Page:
Activist says police should stop investigating Kill the Bill riot on two year Bristol anniversary

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Today marks two years to the day since violent clashes broke out in Bristol during a Kill the Bill protest.

On the 21 March 2021, violence erupted on the city's streets after a peaceful protest against new proposed police powers turned angry.

The riot saw 44 police officers injured, traumatising many who were on shift that night.

The riot investigation is the largest inquiry in Avon and Somerset's near 50 year history. Thousands of hours have been spent investigating the events of that night.

So far, 32 people people have been jailed for a total of 99 years. Police estimate the cost of repairing all the damage was more than £250,000.

So far, 32 people people have been jailed for a total of 99 years.

The investigation is ongoing and the force is still appealing for information on 22 more people.

But James Ward, an activist who was there on the night, said it is time for the police to stop: "There are many worse crimes being committed, many more crimes that have a much deeper social impact than the actions of a few individuals on one night.

"It may have caused some immaterial damage to a police station, which was repaired within a few weeks.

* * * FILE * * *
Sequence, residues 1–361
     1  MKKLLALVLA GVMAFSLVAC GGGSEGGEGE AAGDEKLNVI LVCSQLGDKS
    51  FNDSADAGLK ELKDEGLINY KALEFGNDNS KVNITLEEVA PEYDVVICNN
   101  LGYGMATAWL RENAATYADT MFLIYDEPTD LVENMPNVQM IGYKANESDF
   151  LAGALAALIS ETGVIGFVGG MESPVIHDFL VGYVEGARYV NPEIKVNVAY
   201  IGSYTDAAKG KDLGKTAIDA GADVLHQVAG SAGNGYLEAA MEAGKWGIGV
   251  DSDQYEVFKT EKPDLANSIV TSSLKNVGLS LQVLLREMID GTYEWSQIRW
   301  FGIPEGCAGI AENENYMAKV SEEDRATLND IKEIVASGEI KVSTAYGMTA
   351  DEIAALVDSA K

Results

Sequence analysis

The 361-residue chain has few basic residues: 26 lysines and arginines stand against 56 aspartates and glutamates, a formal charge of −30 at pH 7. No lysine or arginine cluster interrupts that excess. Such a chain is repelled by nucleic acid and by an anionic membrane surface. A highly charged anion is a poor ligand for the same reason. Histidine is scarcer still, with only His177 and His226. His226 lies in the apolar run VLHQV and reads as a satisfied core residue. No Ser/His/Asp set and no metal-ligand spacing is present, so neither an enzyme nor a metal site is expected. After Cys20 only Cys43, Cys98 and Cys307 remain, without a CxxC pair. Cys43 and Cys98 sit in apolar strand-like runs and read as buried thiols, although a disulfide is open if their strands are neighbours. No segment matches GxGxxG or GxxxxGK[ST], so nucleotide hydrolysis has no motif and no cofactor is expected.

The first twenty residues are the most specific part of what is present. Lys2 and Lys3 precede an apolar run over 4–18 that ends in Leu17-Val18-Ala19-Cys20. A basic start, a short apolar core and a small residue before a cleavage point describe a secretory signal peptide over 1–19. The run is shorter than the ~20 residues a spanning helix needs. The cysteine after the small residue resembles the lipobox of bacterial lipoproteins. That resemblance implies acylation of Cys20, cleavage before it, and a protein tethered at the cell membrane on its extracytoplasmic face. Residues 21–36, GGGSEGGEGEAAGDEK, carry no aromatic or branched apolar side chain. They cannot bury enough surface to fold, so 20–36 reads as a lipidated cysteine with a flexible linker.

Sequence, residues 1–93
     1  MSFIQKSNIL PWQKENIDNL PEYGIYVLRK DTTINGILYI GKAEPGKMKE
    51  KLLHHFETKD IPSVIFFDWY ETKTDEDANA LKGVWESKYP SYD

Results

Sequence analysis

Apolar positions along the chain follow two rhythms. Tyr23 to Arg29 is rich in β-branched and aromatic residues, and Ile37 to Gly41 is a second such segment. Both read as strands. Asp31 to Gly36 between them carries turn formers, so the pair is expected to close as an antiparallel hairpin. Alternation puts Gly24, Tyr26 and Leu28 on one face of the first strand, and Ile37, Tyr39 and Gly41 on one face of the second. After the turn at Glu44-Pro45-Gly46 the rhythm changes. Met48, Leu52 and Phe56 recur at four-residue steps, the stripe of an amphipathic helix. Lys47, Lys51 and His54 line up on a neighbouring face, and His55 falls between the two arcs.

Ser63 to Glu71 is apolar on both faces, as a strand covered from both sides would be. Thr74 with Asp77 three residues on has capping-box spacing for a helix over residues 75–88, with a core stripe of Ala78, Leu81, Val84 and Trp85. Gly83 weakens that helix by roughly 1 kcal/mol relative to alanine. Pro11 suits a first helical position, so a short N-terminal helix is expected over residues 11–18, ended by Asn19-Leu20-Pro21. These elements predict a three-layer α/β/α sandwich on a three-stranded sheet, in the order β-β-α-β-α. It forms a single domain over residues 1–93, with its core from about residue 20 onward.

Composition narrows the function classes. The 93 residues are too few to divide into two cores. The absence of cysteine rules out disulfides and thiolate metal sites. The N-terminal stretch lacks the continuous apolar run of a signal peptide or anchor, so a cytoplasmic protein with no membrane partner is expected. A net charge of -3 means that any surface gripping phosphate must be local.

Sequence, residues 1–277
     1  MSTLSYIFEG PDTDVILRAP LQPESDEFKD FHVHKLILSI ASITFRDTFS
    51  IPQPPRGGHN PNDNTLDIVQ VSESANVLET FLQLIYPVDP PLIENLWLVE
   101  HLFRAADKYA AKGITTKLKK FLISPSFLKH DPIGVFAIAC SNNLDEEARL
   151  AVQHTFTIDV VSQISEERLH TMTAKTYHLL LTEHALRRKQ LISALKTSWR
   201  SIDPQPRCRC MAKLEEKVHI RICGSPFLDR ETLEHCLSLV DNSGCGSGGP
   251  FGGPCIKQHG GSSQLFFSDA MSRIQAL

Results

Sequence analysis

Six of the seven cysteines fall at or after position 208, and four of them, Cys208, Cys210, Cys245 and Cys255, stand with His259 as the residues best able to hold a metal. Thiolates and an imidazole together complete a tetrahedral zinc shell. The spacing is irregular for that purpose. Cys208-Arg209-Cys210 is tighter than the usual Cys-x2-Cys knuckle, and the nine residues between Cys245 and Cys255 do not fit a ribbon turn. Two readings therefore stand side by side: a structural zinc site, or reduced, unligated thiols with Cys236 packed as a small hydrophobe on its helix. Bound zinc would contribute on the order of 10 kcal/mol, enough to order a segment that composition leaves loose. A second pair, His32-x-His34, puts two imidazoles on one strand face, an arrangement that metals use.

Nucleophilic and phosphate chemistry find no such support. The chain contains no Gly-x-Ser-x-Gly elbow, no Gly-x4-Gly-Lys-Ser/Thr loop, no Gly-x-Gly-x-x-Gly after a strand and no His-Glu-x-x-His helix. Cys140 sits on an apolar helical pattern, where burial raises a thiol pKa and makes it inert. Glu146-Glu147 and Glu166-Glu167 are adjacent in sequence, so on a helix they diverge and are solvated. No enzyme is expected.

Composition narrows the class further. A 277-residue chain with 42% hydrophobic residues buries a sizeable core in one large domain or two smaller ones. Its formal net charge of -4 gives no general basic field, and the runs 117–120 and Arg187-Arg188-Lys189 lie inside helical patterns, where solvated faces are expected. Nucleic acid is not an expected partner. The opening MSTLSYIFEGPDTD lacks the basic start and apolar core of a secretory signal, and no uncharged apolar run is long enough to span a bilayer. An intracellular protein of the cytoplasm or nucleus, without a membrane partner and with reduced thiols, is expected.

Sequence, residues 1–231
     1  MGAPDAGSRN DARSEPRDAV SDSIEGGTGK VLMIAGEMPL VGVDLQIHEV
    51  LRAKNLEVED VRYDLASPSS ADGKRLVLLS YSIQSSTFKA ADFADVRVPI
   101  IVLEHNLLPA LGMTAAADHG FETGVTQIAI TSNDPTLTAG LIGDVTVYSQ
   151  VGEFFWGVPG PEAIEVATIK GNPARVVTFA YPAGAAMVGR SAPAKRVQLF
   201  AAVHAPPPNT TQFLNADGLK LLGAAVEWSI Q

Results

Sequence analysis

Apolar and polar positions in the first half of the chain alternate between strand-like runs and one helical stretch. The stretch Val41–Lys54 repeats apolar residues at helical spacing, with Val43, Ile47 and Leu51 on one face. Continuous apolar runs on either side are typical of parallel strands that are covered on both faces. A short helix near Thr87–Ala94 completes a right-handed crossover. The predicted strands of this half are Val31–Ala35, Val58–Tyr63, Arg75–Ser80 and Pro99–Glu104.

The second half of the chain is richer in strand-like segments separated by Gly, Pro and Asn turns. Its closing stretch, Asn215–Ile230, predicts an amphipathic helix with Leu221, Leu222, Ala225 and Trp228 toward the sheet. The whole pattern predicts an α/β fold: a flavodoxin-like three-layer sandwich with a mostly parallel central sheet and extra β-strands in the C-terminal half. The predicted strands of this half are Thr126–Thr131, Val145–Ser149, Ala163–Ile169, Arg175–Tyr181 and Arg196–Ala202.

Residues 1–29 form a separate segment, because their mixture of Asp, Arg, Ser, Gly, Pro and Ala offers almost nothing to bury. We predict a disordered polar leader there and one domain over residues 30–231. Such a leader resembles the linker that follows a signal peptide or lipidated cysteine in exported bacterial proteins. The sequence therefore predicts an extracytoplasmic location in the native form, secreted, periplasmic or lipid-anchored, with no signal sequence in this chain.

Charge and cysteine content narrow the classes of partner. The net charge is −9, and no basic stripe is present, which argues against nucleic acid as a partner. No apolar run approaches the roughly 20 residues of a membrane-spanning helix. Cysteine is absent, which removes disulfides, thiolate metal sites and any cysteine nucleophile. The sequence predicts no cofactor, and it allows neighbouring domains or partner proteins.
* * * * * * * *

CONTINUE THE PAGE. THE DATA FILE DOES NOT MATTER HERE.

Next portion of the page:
"So police to still be chasing people two years down the line, it raises very serious questions about their priorities and what they're doing with what is, at the end of the day, public money."

In response, Avon and Somerset Police said: "What happened on 21 March 2021 is a stain on the city of Bristol.

"Wanton violence and damage is never acceptable and it's only right those who carried out criminal acts during the riot face the consequences of their actions."

Activist James Ward believes the police should stop investigating

Many of the 32 sentenced so far have been convicted of riot - a relatively rare offence in Britain.

For example, one of the convicted was 25-year-old Francesca Horn, who was filmed attacking police, ripping a wing mirror and throwing a missile.

Horn received a five year ten month prison sentence.

Digital evidence was presented at Horn’s trial which included CCTV and mobile phone footage as well as evidence from officers’ body-worn cameras.

The clips shows Horn spitting at officers, kicking and throwing their shields at them, and ripping off the wing mirror of a police van.

  • Footage shows Horn attack officers during the Bristol riot

James Ward commented on the ages of people sentenced: "Many of the convictions that we have seen are young people in their early 20s who are going to prison, in some cases, up to five years.

"That is going to have a very significant impact on them for the rest of their lives. They are young people with talents and skills and aspirations and dreams which have been taken away from them - and by doing so, taken away from society.

"Those young people won't go on to fulfil the potential that they had."

In total so far, these 32 people are serving nearly a total of 100 years behind bars. More prosecutions are expected in the coming months and stretching into 2024.